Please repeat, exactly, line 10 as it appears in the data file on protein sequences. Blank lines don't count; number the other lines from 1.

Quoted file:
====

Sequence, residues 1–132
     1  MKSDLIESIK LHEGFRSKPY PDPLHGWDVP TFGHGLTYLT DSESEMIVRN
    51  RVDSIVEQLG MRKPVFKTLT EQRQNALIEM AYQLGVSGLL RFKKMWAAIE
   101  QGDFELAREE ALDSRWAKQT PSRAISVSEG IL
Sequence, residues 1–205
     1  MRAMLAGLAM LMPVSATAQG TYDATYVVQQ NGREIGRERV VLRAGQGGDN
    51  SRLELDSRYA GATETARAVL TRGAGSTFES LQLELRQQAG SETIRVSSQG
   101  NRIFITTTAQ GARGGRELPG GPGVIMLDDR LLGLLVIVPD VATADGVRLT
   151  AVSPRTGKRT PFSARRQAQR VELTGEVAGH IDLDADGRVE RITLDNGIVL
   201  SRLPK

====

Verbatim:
   201  SRLPK